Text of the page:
I write thrillers and I have a part-time job as the deputy editor of The Crime Report, a website of the Center for Media, Crime and Justice at John Jay College, so I guess you could say crime is already my "thing."
As the U.S. editor for the website The Vintage News, I edit a wide variety of stories, from the Golden Age of Hollywood to the wonder of flapper shoes to crimes of the past. I've edited stories on Lizzie Borden and Victorian poisoners. For today, I wrote a story set in my city, NYC, and a famous mafia hit: the shooting of "Big Paul" Castellano outside Sparks Steak House
Why ordering a hit on “Big Paul” Castellano at Sparks Steak House was John Gotti’s big mistake
New York City is famous for its steakhouses, and since opening its doors at 201 East 46th Street in 1977, Sparks has been a carnivore crowd favorite. The essential components of a steakhouse are as follows: tables covered nearly to the floor with spotless tablecloths, set in dark, wood-paneled rooms; middle-aged men serving as waiters, their flawless manners stopping short of obsequiousness and their Brooklyn, Bronx, or Queens accents proudly on display; really good booze, like a Macallan single-malt whisky or a $100 bottle of Bordeaux; and of course the food itself: large, succulent meat portions, accompanied by baked potato heaped with butter, chives, and sour cream.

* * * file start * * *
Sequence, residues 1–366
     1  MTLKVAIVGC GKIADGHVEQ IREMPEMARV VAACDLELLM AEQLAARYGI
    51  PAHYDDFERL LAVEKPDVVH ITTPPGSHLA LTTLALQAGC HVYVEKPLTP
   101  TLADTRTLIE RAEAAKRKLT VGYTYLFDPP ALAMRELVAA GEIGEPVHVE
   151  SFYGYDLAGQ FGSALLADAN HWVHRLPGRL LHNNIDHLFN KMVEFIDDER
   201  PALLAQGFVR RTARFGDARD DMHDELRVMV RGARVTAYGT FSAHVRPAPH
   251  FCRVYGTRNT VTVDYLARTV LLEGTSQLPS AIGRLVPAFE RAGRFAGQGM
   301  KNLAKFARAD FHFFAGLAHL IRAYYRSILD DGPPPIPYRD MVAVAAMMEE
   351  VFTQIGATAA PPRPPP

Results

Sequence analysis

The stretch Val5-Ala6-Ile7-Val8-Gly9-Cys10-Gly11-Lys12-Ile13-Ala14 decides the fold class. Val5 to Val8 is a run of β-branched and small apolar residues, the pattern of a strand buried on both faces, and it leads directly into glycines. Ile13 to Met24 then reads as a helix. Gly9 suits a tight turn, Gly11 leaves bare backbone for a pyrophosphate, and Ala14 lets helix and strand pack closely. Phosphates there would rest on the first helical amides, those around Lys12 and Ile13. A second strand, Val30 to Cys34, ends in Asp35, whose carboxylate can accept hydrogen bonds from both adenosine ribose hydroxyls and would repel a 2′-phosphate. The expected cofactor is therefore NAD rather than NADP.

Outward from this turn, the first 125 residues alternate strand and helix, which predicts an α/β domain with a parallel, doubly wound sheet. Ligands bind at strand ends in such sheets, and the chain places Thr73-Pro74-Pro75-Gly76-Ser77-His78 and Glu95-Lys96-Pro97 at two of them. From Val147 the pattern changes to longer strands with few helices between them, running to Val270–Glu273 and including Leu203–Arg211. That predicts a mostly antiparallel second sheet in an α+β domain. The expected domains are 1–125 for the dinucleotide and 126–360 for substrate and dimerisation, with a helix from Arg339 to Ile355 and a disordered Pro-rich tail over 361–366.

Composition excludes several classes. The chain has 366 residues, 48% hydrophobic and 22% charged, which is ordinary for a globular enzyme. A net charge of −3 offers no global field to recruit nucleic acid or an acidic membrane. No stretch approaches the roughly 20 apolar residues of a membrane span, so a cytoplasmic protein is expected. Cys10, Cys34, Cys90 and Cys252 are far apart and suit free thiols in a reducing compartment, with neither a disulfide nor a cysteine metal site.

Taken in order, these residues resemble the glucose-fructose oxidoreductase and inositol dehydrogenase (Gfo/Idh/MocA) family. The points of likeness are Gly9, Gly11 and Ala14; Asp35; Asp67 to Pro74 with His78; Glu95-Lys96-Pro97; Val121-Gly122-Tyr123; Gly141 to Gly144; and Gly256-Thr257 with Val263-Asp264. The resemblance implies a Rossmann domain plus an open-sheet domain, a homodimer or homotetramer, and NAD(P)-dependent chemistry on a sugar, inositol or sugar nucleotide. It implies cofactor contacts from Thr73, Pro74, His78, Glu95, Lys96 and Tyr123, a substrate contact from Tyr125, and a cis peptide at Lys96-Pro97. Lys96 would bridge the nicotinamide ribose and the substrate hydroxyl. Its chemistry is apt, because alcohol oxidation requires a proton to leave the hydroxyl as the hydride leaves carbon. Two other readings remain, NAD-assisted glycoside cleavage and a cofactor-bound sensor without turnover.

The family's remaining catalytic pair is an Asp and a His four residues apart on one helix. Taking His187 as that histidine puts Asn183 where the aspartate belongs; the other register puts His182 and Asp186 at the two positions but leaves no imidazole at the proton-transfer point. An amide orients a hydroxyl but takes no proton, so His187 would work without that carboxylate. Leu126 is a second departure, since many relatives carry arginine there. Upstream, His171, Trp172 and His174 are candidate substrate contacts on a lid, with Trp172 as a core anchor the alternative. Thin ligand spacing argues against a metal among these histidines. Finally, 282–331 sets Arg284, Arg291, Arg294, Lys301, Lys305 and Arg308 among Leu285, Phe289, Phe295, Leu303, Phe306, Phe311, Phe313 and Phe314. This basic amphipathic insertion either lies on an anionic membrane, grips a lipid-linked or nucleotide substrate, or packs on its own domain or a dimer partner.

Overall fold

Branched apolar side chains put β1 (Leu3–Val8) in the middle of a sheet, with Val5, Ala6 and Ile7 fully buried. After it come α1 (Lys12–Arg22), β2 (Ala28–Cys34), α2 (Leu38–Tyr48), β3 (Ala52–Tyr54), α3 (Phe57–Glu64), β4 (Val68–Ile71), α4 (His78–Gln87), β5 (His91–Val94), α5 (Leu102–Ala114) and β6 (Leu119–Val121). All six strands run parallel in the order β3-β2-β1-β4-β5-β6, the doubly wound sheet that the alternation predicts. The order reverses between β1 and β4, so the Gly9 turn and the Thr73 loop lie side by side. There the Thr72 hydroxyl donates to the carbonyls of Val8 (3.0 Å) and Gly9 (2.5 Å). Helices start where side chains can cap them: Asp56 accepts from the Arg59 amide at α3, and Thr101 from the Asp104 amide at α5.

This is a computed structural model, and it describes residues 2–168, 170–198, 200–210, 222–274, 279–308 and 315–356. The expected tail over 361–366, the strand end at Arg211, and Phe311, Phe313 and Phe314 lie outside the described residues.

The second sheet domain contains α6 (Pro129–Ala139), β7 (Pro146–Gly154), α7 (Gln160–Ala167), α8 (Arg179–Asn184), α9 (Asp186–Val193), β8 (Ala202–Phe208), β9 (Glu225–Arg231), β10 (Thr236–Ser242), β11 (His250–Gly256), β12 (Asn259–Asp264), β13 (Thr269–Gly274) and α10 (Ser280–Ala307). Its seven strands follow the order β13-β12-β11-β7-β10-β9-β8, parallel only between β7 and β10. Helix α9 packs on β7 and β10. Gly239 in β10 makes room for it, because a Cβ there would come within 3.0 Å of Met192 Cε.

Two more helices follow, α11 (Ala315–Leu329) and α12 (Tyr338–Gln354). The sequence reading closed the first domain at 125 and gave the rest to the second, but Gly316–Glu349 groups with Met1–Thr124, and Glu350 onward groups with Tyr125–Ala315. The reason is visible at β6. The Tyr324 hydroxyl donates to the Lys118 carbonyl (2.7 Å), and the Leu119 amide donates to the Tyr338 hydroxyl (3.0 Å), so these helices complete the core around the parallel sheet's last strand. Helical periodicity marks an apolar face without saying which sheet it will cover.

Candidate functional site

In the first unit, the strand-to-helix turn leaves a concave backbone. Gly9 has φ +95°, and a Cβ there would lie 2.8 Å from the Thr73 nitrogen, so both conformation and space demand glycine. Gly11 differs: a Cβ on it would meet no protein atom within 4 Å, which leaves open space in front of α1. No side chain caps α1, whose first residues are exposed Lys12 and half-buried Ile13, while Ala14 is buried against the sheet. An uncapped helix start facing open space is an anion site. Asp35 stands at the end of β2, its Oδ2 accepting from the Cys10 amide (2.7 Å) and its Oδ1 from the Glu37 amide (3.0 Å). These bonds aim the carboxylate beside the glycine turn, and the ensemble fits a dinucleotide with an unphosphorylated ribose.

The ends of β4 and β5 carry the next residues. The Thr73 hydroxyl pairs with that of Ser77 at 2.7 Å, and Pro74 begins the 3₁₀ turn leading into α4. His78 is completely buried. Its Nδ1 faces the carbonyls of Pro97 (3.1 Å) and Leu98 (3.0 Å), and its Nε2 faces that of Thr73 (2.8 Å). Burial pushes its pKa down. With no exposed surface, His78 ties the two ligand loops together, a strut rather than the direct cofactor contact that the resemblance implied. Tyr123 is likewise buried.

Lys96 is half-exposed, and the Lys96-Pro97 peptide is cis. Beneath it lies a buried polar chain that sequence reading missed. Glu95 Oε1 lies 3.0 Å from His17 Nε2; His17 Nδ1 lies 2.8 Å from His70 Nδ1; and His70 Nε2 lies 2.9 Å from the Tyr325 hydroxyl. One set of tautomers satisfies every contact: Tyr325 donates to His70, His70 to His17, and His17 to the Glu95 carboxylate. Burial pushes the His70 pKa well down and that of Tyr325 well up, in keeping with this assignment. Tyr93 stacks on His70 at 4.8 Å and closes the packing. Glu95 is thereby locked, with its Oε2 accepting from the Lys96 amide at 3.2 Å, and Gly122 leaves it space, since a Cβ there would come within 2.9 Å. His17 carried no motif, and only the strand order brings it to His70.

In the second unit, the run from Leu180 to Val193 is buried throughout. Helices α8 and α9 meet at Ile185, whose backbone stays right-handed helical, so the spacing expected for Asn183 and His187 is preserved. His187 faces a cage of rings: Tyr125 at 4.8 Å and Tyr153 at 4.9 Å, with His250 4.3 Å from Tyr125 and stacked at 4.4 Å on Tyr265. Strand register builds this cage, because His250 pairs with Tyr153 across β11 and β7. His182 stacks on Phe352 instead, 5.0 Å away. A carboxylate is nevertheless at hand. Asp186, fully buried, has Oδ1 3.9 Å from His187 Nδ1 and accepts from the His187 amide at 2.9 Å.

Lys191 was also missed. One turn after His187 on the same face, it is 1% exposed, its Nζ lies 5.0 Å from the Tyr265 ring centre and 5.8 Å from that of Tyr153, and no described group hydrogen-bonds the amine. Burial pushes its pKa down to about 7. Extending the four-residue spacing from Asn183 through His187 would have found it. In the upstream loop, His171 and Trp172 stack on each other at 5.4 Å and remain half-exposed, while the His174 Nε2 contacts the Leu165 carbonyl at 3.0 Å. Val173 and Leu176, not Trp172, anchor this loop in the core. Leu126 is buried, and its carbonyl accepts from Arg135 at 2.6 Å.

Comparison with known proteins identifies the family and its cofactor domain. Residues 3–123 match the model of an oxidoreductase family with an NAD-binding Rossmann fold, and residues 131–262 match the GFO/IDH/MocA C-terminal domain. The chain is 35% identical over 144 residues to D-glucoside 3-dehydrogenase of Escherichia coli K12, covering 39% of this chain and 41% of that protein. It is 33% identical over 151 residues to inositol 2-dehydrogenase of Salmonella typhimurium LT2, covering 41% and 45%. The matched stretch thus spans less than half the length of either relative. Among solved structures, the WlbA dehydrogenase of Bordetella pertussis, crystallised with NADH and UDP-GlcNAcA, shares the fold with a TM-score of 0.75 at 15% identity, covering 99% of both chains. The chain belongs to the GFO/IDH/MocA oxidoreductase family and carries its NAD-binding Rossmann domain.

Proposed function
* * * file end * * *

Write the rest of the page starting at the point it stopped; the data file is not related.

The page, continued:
Since steakhouses haven’t changed much since their Mad Men heyday, you can assume that specific entrées found on a Sparks menu today—prime sirloin, filet mignon, and sliced steak with bordelaise sauce—were also on the menu in the 1980s.
It was the prospect of a dinner plate graced by the third cut of a prime rib of beef that drew a 70-year-old man named Paul Castellano to Sparks on the evening of December 16, 1985.
“Big Paul” Castellano was highly knowledgeable about meat, and not just because his father was a Brooklyn butcher. Since his friend, cousin, and brother-in-law Carlo “the Godfather” Gambino died of a heart attack in 1976, Castellano had been the boss of the Gambino family, considered the most powerful of the five families of the New York City mafia and worth an estimated $500 million a year. Aside from the usual racketeering, extortion, loansharking and control of certain unions, the Gambino group had a stranglehold on the concrete business and the supply of poultry and meat to much of the city.
To read the rest of the story, go here.